The Control Points of Lactose Synthesis in the Lactating Ruminant
Eichler, S. J. (1993). The Control Points of Lactose Synthesis in the Lactating Ruminant (Thesis, Master of Science (MSc)). University of Waikato, Hamilton, New Zealand. Retrieved from http://hdl.handle.net/10289/10259
Permanent Research Commons link: http://hdl.handle.net/10289/10259
It has been established that lactose is the major osmole in the milk of many mammalian species, and hence that the amount of water secreted is approximately proportional to the amount of lactose secreted. It is envisaged that reduction of the amount of lactose synthesised would allow a reduction of the amount of water in milk. This thesis studied the regulation of lactose synthesis in the mammary glands of goats by altering the flux of glucose and other intermediates of lactose synthesis. The consequent effects were determined by measuring the levels of various metabolites in milk. The mechanism of the reduction of milk yield brought about by twenty-four hour fasting in goats was explored by looking for perturbations in some of these parameters measured. Also, known differences between certain bovine genetic groups in water secretion were investigated by measurements in milk of trace metabolites involved in lactose synthesis. It was intended to further substantiate the paradigm that availability of glucose within mammary secretory cells of ruminants normally regulates lactose synthesis during midlactation. This widely held belief has not been supported by this research.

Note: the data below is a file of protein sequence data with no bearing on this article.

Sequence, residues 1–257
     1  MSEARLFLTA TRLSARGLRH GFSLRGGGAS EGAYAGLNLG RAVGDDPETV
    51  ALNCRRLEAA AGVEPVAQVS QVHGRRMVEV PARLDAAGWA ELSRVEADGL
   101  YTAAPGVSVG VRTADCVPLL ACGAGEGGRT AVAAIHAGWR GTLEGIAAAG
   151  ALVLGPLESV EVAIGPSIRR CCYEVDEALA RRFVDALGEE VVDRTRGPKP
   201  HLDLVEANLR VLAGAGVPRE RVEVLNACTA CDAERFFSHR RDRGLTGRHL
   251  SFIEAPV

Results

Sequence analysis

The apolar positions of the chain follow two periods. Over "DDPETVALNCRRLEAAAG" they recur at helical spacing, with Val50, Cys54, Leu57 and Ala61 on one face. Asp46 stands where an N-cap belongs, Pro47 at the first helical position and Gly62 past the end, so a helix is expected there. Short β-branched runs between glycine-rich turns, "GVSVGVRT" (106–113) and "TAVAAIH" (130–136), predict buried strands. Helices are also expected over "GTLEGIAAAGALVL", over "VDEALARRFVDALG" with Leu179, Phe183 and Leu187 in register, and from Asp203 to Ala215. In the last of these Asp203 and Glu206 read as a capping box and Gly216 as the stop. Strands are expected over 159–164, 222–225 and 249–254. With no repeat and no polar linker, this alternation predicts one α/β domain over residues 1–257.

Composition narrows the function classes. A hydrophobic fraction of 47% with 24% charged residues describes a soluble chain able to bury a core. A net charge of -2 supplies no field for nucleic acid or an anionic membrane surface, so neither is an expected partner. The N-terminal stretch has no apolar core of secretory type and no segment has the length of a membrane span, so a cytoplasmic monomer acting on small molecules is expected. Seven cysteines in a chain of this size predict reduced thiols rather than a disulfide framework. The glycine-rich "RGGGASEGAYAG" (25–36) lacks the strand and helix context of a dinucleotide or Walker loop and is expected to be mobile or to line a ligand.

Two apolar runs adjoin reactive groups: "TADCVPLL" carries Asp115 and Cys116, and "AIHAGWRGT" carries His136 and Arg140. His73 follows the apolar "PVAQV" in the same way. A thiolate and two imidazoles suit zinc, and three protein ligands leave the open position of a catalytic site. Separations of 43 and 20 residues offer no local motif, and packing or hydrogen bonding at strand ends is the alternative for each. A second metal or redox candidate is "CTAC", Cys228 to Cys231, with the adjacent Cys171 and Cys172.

University of Waikato
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